Move the memory into it's own class. The concept of the tape which the BF program is operating can be cleanly made its own class with a limited interface. Make private or eliminate interface cruft: perform, getMemoryIndex, reset, addCommands, setCommands, step. For a BF interpreter, it really only make sense to set a particular program and then run it. ...


15

Beyond the bad names that you are already aware of, I see a few things that could be improved. str1 and str2 are bad variable names as well. They should be str and chr respectively. Those names would properly represent the data and make this code much more understandable. It would be instantly clear to anyone looking at the code that you're looping through ...


14

Obviously, if you have any questions just ask. This is my first "big" project in OCaml, but I'd rather you didn't sugarcoat criticism. It looks like a very fun project, congratulations! :) I have a few comments, which all concerns the style of writing. This is an important topic, because a good style eases maintainability. The name of constructors: all ...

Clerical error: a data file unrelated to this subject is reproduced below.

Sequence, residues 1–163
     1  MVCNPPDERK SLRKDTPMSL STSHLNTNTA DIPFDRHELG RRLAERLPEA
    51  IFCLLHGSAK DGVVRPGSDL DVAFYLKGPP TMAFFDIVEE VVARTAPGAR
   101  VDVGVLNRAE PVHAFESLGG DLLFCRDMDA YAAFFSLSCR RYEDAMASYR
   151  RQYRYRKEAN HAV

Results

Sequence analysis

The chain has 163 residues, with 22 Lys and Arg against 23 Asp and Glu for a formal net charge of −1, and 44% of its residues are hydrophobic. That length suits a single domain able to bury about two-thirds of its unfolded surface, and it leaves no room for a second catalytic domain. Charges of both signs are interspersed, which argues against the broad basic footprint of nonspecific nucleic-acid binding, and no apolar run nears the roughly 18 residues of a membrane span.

13

Loki Astari already covered a number of good points, which I will not repeat. Algorithms and data structures The standard library contains a number of ready-made algorithms and data structures that can make your code easier to read and understand. For example, you have these lines: opp_count = 0; // line 393, new lines removed for brevity for (i = 0; i &...


12

Common beginner mistakes Stop doing this: using namespace std; See Why is “using namespace std;” considered bad practice? Namespaces All your functions seem to have the prefix rdo_ bool rdo_ws(char c) char rdo_expr_item_type(char c) string rdo_opp_to_string(char opp) bool rdo_is_num(string is_num) void rdo_count_opp(bool to_count_or_not) string ...


12

This looks really good over all. I have pretty much no knowledege of brainfuck, but it was still easy to understand the code, and nothing jumps out at me as glaringly wrong. There are however a few (mostly) minor issues. run flag and compiler optimizations volatile is a widely misused variable modifier, but you acutally have one of the text book examples ...


12

Looks great! Just a few (small) suggestions: Style It really is quite readable and straightforward, but breaking out a few functions certainly wouldn't hurt. Even though you're not using using namespace std; (woo!), the variable name stack still makes me a bit uncomfortable (then again, I can't think of a name for it that wouldn't end up being gross). If ...


11